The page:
The Cloisters Museum in NYC bans flashes at all times (UV is killer), and bans tripods on weekends due to crowds and extra hazards. You can go to the desk and get a tripod pass most of the other times. I've done some pro-level panoramic photography in there without a peep from the guards. A housewife with a point 'n shoot would get reprimanded if a flash goes off, though.
I tend to agree with the premises of the infographic, but I hate to say I was not impressed with the image at the bottom of #3. If you don't have concrete patent numbers to make the point, don't show patent numbers. It was like watching a really interesting drama on TV, but spotting a boom microphone hovering over the actors' heads: hard to maintain the assumption of accuracy in all the other numbers from that point on.
"The Marshals Service indicated that its first course of action in such situations is to seek the removal of such content -- which strikes us as a little odd."
It's very easy to see authority figures in absolutist authoritarian colors. Many times, this is justified. Unlike many cop-vs-photographer cases, they didn't force the deletion (destruction of evidence, abuse of power). Unlike a credible "terroristic" threat, they didn't force retention and investigate the poster deeply.
In this case, it may not be as nefarious as it may sound on its face. Consider a cop who is called to a dispute between neighbors.
"Sir, you have every right to hang underwear on the plastic flamingo in your front yard. But I'm asking you now, would you please not exercise that right, and take it down, just to appease the situation with your distraught neighbor, and let us all go back to our more pressing duties?"
Using bit.ly has two benefits: short to type, and analytics.
Mike giggles about AP not knowing how to do html links, but it looks to me like there is a reason to the madness here. Links short enough to type is not a factor for online usage, but if it's put into print, you can't do the HTML tags. They could do some cute filtering to make the print-shows-URL version from the HTML original, but to be honest, this also serves the distinction between an author's story and the editor's role. The parenthetical link is handled the same way an Editorial Note is handled: minimize changes to the article author's content while offering additional context information.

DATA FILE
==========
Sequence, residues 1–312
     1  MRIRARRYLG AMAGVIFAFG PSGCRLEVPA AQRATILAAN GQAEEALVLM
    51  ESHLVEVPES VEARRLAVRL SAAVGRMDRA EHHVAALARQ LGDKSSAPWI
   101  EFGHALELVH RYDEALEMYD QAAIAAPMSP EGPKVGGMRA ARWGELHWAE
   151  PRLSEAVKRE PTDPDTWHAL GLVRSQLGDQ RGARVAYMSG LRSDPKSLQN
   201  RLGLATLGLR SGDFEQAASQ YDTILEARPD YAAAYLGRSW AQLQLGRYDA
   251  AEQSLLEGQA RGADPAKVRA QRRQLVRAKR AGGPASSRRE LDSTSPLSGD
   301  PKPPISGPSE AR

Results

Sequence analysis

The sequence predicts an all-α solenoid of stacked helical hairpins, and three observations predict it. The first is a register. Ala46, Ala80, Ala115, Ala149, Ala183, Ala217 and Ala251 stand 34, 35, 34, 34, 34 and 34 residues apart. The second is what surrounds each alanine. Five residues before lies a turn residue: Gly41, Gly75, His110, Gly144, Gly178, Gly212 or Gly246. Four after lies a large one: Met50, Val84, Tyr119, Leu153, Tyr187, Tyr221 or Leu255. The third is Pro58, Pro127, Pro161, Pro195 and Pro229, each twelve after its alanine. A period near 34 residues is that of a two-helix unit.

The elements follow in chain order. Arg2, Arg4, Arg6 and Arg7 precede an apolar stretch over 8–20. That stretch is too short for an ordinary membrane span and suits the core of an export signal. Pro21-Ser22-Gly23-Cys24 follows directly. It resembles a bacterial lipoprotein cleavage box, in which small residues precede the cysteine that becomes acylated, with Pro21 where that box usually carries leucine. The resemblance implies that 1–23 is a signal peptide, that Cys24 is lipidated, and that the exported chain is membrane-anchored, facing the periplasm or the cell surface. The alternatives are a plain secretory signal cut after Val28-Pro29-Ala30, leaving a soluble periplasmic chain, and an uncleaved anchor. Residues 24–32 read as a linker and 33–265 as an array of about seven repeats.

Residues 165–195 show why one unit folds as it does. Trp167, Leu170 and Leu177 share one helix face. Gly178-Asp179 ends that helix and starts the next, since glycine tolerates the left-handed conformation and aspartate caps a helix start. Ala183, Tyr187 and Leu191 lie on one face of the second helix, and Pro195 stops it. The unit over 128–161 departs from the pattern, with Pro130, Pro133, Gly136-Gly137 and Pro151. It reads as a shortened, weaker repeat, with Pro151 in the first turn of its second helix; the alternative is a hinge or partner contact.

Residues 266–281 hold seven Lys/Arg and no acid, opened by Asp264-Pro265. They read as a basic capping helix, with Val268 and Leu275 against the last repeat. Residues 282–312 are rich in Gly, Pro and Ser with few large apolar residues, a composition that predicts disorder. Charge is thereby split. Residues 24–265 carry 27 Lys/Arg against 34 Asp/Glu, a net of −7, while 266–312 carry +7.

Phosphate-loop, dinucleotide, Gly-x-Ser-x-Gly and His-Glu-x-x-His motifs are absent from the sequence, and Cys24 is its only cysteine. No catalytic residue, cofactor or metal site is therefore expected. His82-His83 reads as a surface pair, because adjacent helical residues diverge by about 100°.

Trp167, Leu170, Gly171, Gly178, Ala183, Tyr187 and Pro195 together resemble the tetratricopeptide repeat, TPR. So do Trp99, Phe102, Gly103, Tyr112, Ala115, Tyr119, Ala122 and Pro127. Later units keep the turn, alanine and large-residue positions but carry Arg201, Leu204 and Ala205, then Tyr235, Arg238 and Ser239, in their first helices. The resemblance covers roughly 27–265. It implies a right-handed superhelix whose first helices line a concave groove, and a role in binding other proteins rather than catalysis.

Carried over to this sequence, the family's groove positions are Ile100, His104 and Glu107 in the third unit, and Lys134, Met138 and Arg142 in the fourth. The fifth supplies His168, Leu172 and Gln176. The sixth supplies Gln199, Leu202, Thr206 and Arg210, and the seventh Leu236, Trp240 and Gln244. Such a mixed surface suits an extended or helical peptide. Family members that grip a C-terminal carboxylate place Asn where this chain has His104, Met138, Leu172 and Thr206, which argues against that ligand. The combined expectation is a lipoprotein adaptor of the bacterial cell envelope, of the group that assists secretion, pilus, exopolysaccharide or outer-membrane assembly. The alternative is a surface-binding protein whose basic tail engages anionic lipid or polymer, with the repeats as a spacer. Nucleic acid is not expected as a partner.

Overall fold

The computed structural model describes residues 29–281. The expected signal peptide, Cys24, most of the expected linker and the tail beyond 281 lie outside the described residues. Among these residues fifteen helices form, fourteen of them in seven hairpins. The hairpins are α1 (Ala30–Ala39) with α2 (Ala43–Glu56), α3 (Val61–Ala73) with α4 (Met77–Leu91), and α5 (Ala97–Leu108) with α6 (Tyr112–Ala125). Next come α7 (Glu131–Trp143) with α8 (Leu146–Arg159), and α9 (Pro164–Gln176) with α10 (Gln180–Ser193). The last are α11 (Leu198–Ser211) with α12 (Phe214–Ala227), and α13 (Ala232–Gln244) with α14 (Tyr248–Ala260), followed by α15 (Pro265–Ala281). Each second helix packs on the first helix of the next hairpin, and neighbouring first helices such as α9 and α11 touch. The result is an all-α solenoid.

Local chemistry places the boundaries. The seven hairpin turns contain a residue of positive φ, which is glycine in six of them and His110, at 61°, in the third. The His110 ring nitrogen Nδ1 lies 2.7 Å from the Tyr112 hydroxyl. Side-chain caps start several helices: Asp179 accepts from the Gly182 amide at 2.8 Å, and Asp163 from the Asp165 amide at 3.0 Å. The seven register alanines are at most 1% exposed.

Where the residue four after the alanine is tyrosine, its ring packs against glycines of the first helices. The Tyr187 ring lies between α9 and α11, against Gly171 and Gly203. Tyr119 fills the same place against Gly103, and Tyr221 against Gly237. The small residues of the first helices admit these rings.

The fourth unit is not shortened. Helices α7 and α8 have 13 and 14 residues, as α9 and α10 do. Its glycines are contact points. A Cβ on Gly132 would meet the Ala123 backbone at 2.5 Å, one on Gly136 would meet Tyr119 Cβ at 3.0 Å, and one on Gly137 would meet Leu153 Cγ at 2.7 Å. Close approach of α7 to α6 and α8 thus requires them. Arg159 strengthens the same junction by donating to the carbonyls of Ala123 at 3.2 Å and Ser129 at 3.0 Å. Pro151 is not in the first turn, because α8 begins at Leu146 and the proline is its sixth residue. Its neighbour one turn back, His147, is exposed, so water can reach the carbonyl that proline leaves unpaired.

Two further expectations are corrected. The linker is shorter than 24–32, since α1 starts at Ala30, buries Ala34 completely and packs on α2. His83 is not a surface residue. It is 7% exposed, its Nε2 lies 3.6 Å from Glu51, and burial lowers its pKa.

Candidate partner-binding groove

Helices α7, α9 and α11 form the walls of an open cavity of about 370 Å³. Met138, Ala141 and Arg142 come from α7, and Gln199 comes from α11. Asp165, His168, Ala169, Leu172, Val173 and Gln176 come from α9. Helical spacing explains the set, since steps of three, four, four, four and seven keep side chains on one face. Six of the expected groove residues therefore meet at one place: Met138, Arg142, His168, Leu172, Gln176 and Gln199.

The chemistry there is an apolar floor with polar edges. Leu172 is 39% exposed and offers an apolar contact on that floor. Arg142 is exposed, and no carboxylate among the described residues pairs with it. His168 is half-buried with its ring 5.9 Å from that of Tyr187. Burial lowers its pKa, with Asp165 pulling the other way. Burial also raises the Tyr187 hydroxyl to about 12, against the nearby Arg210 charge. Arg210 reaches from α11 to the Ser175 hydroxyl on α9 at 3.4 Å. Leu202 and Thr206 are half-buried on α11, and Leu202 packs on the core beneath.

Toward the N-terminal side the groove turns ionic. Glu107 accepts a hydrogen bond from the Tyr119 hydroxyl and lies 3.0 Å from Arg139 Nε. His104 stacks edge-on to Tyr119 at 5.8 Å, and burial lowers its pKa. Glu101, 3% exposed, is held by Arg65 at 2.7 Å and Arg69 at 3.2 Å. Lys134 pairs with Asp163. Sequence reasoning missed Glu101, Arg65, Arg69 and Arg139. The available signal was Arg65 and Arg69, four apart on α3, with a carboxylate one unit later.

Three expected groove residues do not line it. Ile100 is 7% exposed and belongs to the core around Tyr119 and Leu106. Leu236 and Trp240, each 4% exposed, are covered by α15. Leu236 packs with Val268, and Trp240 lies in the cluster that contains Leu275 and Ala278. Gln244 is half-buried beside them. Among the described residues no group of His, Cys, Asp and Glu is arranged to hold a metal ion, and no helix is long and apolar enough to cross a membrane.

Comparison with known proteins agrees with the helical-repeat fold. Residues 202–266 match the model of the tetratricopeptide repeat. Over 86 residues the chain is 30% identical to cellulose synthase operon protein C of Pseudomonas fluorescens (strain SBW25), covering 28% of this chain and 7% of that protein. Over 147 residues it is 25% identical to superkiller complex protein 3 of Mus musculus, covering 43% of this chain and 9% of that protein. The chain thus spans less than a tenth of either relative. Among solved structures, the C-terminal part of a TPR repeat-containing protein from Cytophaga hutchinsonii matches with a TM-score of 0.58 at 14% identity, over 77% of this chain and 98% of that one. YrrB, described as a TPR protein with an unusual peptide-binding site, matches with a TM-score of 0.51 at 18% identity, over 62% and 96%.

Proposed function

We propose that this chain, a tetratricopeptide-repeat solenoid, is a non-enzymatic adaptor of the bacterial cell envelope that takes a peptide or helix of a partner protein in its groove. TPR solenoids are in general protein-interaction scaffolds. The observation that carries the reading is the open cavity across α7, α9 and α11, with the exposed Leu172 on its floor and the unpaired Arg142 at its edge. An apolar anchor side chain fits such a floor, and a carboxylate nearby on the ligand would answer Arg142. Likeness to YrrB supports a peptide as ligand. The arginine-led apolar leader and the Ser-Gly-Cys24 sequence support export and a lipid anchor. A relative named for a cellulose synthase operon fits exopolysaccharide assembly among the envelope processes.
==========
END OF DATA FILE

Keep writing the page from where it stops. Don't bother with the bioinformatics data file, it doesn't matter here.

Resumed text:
Plus, it's obvious that if someone DID get through with a bomb, the image of their nude-o-scope visit is material evidence. And the images of their last five nudes on their last five (ten, fifty) flights will be mined to understand how they developed their capability. There is absolutely no way they're deleting or shredding images until they've filled available storage capacity, and also lost all funding for more capacity.
This is certainly an example of a business (from a business aspect, Celine Dion is a brand), where the business's legal staff is getting in the way of her fans. Considering the blog has an ongoing interest in (1) quashing of free speech, and (2) "connecting with fans" (CwF), I think it's just fine to discuss this. Other businesses should take this as yet another example on why the legal staff should not be driving policy or knee-jerking in ways that damages the brand.
One problem with tying password to encryption is that every password change requires decryption and re-encryption under the new key. You can make it indirect: password used to encrypt an "inner key," and the inner key used to encrypt the data. The inner key is small and can be decrypted/re-encrypted easily, while the inner key itself doesn't change value so often.
Nothing new. In the telegraph days, operators referred to knowing their peers' "hand"... the subtle indications of timing and abbreviations in that individual's messages. Of course, "hand" called back even farther to the idea of penmanship or handwriting.